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Koby Altman’s first chance to shape the Cavaliers has them looking very similar

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Cleveland’s new GM could’ve changed how the Cavs play. He chose not to.

NBA: Cleveland Cavaliers-Press conference David Richard-USA TODAY Sports

“This thing is not broken.”

New Cavaliers GM Koby Altman said that at his introductory press conference to a round of derision from social media pundits, including myself.

“This thing is not broken” seemed to indicate that the Cavaliers would be able to recover from the Kyrie Irving trade demand and rediscover their mojo. In the wake of Irving officially being dealt, it could end up meaning something different.

For a team that was bereft of assets, capped out and old, Altman suddenly faced to a chance to overhaul the Cleveland Cavaliers in the wake of Kyrie Irving’s trade request.

To be sure, Irving’s request wasn’t ideal, depressing his value and breaking up the top two players on a championship team, but if it had to happen, it did offer Altman an opportunity.

He could chase youth, adding secondary playmakers in Denver by attempting to wrangle Jamal Murray and Gary Harris. He could’ve brought back a familiar face and traded for Andrew Wiggins, adding top-shelf athleticism, but leaving the team without a starting caliber point guard. He could’ve chased size, versatility, shooting and defense by accepting the Bucks offer of Malcolm Brogdon and Khris Middleton.

That’s not what he did.

Adrian Wojnarowski of ESPN laid out exactly what the Cavaliers were looking for in his piece from the end of July:

The Cavaliers want a package that resembles the 2011 Nuggets-Knicks deal for Carmelo Anthony -- young players, win-now veterans and draft picks, league sources said. For new general manager Koby Altman, this is a textbook way to open trade discussions. But for now, most Irving suitors are using the Timberwolves-Bulls trade model for Jimmy Butler, a scaled-down model of Melo's rich return of assets.

In trading for Isaiah Thomas, Jae Crowder, Ante Zizic and an unprotected Nets 2018 first round pick, Altman got exactly what he said he wanted.

Now, this is kind of cheating, because Zizic very well might not be a rotation player in the NBA depending on who you ask. But nabbing two win-now veterans in Thomas, Crowder and probably the best draft pick that could be had in an Irving deal is not a bad consolation.

It’s not just a matter of getting quality players that help a team, though. These players fit archetypes the Cavaliers already use.

Thomas is famously 5’9”, and he might not having Irving’s size at 6’3, but from an advanced stats perspective, they’re fairly close:

You’ll note that Thomas’ true-shooting percentage is much stronger, and that’s a result of a free throw rate that nearly doubles Irving’s. That’s been one of the biggest steps Irving needs to take in his game, and Thomas has already figured that out. But other than that, they’re both high-usage, ball-dominant point guards that prefer to score rather than get their teams into their offense.

Thomas has a worse defensive ceiling than Irving at 5’9”, and that’s hard to cope with. But it’s fair to say that Irving rarely did the Cavaliers favors on that end of the floor, so from a purely stylistic perspective, it’s not far off. These guys aren’t exactly the same players, but it’s easy to slot Thomas into Irving’s role for the Cavaliers next year.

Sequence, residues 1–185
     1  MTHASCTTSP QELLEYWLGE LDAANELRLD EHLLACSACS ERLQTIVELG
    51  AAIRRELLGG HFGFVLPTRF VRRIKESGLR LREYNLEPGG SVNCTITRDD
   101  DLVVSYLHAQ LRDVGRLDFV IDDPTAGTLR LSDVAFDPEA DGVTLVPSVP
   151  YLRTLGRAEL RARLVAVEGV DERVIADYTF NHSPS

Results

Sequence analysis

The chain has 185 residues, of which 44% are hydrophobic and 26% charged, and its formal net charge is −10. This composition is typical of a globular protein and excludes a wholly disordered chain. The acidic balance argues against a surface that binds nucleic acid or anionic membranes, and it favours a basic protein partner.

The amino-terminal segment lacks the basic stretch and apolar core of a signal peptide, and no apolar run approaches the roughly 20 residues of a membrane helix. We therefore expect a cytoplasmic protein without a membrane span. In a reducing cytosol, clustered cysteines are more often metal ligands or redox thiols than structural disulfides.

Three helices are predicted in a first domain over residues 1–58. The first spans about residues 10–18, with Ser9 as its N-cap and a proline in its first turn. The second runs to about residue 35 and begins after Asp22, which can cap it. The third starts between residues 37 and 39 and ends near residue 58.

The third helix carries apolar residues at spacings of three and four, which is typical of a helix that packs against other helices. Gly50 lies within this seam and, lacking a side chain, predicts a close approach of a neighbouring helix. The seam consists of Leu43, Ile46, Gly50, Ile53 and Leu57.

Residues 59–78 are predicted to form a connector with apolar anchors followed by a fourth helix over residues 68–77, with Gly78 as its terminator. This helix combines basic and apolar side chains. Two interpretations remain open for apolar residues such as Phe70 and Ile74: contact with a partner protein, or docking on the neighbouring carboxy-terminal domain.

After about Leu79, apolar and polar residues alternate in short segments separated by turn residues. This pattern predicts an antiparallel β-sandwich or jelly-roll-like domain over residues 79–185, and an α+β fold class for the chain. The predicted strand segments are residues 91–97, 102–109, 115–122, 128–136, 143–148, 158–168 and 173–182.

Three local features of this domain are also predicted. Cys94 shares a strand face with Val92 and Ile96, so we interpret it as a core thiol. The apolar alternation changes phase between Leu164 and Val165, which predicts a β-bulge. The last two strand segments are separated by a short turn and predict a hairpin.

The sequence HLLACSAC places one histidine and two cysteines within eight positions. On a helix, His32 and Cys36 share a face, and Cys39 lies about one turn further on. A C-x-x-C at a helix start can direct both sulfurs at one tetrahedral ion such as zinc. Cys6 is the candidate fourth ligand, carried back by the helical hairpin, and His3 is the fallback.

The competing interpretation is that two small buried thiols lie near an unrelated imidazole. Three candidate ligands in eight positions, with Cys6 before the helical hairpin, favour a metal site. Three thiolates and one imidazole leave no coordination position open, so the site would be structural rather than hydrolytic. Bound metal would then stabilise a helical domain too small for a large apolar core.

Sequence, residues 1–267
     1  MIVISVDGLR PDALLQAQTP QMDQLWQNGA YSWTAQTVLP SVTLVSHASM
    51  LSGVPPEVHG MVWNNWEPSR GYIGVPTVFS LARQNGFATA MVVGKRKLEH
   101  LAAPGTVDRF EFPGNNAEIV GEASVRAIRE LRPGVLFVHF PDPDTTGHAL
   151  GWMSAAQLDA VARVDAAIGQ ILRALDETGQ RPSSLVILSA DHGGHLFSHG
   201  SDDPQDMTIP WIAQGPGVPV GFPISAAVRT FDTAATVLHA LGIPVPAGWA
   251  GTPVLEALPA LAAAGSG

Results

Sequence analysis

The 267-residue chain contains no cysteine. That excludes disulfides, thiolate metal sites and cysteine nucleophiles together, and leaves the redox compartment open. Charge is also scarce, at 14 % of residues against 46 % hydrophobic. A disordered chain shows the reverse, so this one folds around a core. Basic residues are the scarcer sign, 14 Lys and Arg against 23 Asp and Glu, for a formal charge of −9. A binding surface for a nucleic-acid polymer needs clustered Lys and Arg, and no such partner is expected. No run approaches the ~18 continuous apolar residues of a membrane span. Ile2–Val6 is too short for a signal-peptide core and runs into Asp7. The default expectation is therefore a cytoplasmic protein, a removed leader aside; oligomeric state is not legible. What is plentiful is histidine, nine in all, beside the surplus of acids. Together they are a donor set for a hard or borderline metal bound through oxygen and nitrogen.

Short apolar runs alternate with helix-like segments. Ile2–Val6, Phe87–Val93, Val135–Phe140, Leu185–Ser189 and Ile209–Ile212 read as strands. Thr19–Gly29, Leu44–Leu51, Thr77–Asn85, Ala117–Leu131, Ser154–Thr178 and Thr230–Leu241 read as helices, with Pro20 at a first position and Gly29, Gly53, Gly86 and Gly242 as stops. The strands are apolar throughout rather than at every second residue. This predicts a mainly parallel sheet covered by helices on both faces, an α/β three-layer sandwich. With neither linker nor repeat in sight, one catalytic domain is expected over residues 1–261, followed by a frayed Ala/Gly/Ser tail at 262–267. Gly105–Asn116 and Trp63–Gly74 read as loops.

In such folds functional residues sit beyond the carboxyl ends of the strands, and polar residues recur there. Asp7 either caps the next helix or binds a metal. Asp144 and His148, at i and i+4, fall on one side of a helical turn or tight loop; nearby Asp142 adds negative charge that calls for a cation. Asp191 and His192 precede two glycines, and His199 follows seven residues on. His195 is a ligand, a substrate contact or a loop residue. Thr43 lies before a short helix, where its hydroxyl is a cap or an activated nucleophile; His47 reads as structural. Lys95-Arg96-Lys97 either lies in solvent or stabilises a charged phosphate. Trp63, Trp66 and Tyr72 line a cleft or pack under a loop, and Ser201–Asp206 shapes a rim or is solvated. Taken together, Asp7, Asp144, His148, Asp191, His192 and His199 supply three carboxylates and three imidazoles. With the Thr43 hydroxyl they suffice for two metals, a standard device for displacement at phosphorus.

For Crowder, it’s probably easiest to say that for the Cavs, he fits in as a hilariously more useful option at the backup small forward and power forward slot than Richard Jefferson. Though Crowder is in an entirely different stratosphere as a player than Jefferson at this point, his role doesn’t have to be hugely different.

Jefferson was often asked to guard a tough perimeter player to give LeBron rest, hit open threes, cut into open space, and run the floor in transition. This isn’t that far off from what the Cavaliers will ask from Crowder, though Crowder will likely have expanded minutes as compared to Jefferson.

Crowder should be able to help in that regard, landing in the 87th percentile as a spot up shooter, per Synergy, slightly less effective in transition at the 62nd percentile, but a frankly insane 98th percentile on cuts.

It was easy to see how the Cavaliers might’ve been an entirely different team in the wake of a Irving trade. Now that the deal has been consummated, it’s hard to imagine how they’ll really look all that different.

The place Altman can really look to impress his own philosophy on the identity of the team will be with the Nets pick. They should be able to produce a close approximation of what they were last year, better in some spots and worse in others, but similar.

If things break right, and LeBron James decides to stay, Altman can either use the pick - which should land in the top-five of a top-heavy draft - on LeBron’s next running mate as he ages, or flip it for a superstar that becomes available. If James decides he’s leaving, the team can quickly get off of salary by declining to bring Thomas back and still have something valuable to look forward to in the next year.

Part of what made the first year without James so brutal was that it wasn’t accompanied by the hope of development of a young star. The Cavaliers had to suffer through a 26-game losing streak devoid of hope. Cleveland is now insulated against that, at least, and the usage of this pick is where Altman can truly put his stamp on the team.

Lost in the drama surrounding Irving’s request, David Griffins’ departure, LeBron’s potential exodus and a five-game ass-whooping in the NBA Finals is that the Cavaliers are really, really good. With this trade, Altman, in a way, acknowledged that.

“This thing is not broken.”

Let’s put that theory to the test, shall we?